Vermont Fish & Wildlife Dept Announces Strategic Plan to Conserve Wildlife

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Vermont’s new Wildlife Action Plan lays the framework for conservation efforts necessary to restore populations of the threatened Yellow-banded Bumble Bee (Bombus terricola) and other species of conservation concern. / © K.P. McFarland

Vermont’s new Wildlife Action Plan lays the framework for conservation efforts necessary to restore populations of the threatened Yellow-banded Bumble Bee (Bombus terricola) and other species of conservation concern. / © K.P. McFarland

MONTPELIER, Vt. – The Vermont Fish & Wildlife Department has released a draft Wildlife Action Plan that lays out the state’s strategic vision for conserving species during the next ten years.  The plan assesses the health of Vermont’s wildlife and wild lands, identifies the problems they face, and outlines the actions needed to conserve them for the long term. Work by the Vermont Center for Ecostudies, such as the Vermont Bumble Bee Atlas, a project of the Vermont Atlas of Life, was instrumental in helping with this plan.

The plan’s goal is to keep common species common while promoting additional conservation actions for species on the brink, to prevent them from slipping towards threatened or endangered status.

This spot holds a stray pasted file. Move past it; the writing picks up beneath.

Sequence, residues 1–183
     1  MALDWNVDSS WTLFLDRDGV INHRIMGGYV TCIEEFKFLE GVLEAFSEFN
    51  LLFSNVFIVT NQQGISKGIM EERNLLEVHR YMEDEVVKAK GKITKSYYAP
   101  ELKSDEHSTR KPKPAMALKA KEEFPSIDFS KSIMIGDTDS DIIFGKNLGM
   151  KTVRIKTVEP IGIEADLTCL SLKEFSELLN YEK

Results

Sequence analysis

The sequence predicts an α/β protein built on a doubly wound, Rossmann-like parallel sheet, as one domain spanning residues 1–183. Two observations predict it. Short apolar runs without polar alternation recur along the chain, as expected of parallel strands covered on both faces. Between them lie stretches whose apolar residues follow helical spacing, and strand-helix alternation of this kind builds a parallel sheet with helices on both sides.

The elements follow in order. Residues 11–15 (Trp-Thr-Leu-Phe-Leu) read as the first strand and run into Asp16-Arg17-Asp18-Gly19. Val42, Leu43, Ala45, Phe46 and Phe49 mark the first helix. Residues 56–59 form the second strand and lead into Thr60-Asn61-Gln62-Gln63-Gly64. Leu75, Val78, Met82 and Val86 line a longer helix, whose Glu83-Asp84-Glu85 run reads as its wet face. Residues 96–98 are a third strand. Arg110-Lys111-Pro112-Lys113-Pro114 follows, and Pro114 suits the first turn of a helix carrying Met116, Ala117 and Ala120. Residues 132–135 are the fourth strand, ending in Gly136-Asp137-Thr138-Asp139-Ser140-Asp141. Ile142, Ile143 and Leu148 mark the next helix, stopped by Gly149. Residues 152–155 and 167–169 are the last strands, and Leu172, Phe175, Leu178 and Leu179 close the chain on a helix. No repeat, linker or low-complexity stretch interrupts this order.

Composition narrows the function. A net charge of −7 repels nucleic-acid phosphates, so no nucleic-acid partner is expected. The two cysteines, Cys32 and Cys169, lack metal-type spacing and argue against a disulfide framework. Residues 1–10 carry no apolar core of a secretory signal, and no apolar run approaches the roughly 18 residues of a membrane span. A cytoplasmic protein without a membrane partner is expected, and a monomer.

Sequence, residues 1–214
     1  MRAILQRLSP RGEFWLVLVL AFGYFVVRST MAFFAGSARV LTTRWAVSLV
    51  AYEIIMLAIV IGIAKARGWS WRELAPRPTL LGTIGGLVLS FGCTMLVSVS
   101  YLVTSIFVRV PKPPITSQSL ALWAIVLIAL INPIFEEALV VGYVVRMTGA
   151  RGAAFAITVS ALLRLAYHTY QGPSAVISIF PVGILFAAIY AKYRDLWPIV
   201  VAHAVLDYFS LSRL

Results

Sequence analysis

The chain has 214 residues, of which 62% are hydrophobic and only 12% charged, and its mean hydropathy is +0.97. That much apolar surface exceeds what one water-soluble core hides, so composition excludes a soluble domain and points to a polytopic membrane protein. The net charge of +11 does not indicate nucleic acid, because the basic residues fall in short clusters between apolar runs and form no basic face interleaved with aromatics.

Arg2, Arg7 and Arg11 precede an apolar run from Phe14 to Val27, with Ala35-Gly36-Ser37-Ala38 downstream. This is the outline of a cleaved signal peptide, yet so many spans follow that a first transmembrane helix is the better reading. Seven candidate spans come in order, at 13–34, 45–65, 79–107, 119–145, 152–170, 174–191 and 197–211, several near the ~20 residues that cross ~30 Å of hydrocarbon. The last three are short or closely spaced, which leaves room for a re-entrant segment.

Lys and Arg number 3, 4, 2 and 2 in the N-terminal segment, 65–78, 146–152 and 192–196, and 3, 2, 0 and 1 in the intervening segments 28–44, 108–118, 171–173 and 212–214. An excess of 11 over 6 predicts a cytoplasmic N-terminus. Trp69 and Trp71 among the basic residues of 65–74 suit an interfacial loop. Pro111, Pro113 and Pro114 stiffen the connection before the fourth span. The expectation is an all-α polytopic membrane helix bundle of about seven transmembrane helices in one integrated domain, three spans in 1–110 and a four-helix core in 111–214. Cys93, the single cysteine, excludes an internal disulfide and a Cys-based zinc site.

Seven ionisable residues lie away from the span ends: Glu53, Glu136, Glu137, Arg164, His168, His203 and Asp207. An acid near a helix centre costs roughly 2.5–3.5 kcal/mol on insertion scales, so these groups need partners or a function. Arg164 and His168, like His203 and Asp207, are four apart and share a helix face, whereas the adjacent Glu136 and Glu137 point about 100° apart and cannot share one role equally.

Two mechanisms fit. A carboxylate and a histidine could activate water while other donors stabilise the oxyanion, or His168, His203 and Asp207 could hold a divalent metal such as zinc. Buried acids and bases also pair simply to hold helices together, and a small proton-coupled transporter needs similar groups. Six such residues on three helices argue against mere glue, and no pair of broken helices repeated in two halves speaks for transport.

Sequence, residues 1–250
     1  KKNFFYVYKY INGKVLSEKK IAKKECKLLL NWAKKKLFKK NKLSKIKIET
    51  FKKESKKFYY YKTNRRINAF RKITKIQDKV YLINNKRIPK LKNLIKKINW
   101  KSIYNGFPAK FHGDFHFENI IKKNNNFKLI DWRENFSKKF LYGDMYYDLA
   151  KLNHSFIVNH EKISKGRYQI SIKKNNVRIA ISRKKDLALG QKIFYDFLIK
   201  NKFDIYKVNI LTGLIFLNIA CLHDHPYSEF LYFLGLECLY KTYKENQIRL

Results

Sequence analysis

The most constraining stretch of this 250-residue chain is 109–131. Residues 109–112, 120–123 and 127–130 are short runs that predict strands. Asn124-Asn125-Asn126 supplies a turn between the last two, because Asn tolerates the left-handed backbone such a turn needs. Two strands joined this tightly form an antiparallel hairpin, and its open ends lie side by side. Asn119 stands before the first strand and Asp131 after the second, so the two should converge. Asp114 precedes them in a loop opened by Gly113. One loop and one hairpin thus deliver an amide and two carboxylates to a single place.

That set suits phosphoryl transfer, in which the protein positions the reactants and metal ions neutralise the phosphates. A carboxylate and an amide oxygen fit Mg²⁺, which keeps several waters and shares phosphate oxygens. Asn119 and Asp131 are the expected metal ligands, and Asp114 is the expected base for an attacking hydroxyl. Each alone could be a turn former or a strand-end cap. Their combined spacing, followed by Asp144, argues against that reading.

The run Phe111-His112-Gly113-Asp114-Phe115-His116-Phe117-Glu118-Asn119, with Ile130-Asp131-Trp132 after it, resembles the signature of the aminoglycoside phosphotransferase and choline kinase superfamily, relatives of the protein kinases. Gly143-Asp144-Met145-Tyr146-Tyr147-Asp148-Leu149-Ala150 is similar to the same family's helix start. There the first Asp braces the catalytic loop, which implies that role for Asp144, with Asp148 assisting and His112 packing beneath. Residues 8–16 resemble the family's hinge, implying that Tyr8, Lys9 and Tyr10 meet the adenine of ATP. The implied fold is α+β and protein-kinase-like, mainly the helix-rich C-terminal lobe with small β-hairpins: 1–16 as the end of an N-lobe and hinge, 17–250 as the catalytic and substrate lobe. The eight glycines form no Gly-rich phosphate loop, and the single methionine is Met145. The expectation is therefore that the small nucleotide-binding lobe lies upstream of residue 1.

“This Wildlife Action Plan provides strategies to conserve the diversity of species that Vermonters cherish,” said Vermont Fish & Wildlife Commissioner Louis Porter.  “To succeed in conserving wildlife for future generations, this challenge must be shared among government agencies, our nonprofit partners, landowners, businesses, and taken up by all Vermonters.”

This draft of the Wildlife Action Plan updates a previous version of the plan that the department and its partners have operated under for the past ten years.  The plan continues to focus on habitat conservation as the most effective and efficient strategy for protecting wildlife, in addition to boosting Vermont’s economy and quality of life.  It also emphasizes collaboration and partnership with agencies, municipalities, and conservation organizations.

Newer challenges to wildlife conservation outlined in the Action Plan include a changing and unpredictable climate, emerging infectious diseases such as white-nose syndrome in bats, and additional threats to pollinators like bees and butterflies.

“Vermonters care deeply about wildlife and our natural landscapes,” said Commissioner Porter.  “Whether we are working to maintain healthy populations of common species such as moose or trying to recover lake sturgeon and other species in need, we call on the citizens of our state to join in this important effort.”

The draft Wildlife Action Plan is now available for public viewing at www.vtfishandwildlife.com.  The Vermont Fish & Wildlife Department is seeking public comments on the plan until November 8, 2015.

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